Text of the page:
Really good emergency radio. I liked it so much, I ordered another one.
Multi-Function Emergency Radio (EP-EMR1000)
- 1.00 LBS
Shipping: Calculated at Checkout
Availability: Normally Ships in 24 Hours
Quantity Discounts ( Applied in Cart )
- 25+ $1.00 off
- 50+ $2.00 off
- 100+ $3.00 off
- 250+ $4.00 off
The EP-EMR1000 Multi-Function Emergency Radio is packed with features, but compact enough to store and use anywhere. It is weather resistant and has a rugged rubberized body. The radio receives the NOAA emergency weather band (FEMA recommended) plus FM and AM. Reception is super sensitive and clean. In addition, the EP-EMR1000 features a bright LED flashlight and mobile phone charger. This radio features three-way charging using either hand-crank, solar panel, or mini USB port. The high capacity 1,000 mAh internal battery will run the radio or flashlight for hours when fully charged. The EP-EMR1000 measures approx. 5" W x 2" D x 2.5 H".
Important Note: Having a Lithium battery in your emergency radio critical when storing your radio for extended periods of time. Unlike devices with Nickel Metal batteries, the Lithium battery in the EP-EMR1000 will survive for much longer storage periods and does not suffer from memory loss problems like Nickel Metal batteries.
- 7 NOAA Weather Bands
- Telescopic Antenna
- Super Sensitive, High Quality Receiver
- External Speaker
- Bright LED Flashlight (1 Watt, Approx. 50 Lumens)
- Solar Panel
- Hand Crank
- Mini USB Port (Cable Not Included)
- High-Capacity Internal 1,000 mAh Lithium Battery
- USB Port for Charging Mobile Phones
- Built-In Speaker
Information About NOAA All Hazard Weather Radio
NOAA Weather Radio (The National Oceanic and Atmospheric Administration) is a service provided by the United States Department of Commerce.
NOAA All Hazards Weather Radio (NWR) is a national network of transmitters that broadcast continuous weather information directly from National Weather Service Offices in your area. NWR broadcasts official Weather Service warnings, watches, forecasts and other hazard information 24 hours a day, 7 days a week.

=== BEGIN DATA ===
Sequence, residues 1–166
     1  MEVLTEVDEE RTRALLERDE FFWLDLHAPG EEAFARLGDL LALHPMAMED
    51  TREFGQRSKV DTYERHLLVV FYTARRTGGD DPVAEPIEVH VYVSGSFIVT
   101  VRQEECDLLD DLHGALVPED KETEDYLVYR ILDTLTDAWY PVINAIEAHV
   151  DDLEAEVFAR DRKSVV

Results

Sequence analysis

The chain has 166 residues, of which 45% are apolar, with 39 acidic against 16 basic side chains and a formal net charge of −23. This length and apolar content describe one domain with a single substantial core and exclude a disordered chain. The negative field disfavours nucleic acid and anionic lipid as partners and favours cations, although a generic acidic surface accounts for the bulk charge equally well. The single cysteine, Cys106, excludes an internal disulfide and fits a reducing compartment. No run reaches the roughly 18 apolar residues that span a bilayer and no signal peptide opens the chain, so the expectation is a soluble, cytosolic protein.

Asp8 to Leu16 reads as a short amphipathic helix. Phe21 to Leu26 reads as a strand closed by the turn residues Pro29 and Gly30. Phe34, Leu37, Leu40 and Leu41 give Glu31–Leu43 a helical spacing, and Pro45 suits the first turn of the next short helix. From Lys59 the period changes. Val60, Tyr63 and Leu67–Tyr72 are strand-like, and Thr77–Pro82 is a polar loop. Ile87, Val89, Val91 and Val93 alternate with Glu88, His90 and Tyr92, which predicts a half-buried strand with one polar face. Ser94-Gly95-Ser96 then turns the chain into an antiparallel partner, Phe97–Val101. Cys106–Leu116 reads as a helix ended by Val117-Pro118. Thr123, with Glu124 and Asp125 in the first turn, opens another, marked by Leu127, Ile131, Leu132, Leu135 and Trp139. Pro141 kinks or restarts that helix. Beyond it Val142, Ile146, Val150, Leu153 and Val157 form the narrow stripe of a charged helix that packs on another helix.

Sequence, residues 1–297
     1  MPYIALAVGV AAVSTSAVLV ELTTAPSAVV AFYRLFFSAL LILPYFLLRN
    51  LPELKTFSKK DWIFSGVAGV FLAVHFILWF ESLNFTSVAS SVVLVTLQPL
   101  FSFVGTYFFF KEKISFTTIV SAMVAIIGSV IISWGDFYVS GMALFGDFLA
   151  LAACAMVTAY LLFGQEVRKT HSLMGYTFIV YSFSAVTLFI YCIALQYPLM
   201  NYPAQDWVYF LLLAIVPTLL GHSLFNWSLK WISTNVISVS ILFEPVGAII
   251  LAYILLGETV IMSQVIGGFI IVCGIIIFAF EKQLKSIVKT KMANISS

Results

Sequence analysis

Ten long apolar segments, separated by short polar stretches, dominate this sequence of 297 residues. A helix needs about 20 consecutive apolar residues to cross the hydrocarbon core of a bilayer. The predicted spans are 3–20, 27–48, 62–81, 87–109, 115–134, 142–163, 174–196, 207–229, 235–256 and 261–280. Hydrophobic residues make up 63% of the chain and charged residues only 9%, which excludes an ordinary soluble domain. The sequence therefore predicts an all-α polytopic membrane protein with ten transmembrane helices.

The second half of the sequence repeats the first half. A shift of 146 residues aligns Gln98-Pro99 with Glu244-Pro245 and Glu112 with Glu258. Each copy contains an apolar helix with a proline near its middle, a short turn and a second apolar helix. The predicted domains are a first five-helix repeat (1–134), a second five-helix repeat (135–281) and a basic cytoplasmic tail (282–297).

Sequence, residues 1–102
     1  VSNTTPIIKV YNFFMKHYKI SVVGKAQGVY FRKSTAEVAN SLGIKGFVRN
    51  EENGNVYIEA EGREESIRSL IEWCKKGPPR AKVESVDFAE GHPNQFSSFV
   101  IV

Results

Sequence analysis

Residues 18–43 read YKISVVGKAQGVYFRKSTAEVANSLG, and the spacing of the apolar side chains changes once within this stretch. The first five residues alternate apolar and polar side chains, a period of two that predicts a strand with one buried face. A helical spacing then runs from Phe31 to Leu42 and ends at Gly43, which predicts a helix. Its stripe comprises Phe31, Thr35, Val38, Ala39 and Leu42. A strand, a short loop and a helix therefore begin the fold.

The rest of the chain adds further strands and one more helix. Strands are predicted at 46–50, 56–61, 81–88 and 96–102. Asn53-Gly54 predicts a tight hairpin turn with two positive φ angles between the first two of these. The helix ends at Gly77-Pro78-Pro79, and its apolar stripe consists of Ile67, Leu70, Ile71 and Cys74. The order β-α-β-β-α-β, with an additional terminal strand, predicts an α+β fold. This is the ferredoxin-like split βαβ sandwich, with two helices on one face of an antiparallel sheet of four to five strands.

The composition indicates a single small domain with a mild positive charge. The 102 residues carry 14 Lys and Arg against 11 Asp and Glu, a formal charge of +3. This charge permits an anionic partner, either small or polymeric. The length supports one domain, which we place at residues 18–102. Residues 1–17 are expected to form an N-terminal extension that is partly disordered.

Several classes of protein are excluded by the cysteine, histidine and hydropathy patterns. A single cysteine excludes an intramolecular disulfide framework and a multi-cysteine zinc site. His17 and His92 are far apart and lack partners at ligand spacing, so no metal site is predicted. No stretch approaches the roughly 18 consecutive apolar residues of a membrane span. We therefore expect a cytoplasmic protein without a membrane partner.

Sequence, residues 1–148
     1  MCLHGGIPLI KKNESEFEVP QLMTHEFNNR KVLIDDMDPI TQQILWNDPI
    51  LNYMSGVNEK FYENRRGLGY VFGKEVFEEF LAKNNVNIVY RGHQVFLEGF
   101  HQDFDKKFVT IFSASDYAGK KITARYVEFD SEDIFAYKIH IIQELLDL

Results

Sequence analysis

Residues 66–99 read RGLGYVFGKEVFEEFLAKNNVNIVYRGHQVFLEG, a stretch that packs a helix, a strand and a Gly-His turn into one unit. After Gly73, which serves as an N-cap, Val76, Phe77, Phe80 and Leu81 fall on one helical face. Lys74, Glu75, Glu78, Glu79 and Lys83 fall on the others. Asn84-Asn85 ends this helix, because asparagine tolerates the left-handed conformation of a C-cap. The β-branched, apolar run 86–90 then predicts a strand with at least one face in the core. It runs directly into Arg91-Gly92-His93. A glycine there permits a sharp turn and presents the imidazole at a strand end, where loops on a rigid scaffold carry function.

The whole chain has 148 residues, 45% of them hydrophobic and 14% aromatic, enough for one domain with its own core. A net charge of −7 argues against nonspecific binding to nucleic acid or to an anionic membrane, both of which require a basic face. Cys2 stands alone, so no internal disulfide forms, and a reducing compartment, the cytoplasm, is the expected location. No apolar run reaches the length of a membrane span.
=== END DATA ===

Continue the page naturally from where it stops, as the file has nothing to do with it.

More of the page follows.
Normal weather messages repeat every 5 minutes and are updated about every 2-3 hours (more frequently if conditions are developing). Regular broadcasts are tailored to weather information needs of people within the service area of the transmitter. For example, stations in coastal areas may receive information of interest to mariners. Other information, such as climate data and hydrological forecasts, may also be broadcast.
NWR works with the Federal Communication Commission's (FCC) Emergency Alert System making it your single source for "All Hazard", comprehensive weather and emergency information. In conjunction with Local, State, and Federal public officials and Emergency Managers, NWR also broadcasts warnings, alerts, and post-event information for all types of hazards – including earthquakes, wild fires, flash floods, thunderstorms, tornadoes, winter storms, tsunamis, avalanches, chemical releases, oil spills, and public safety alerts (such as AMBER alerts or 911 Telephone outages).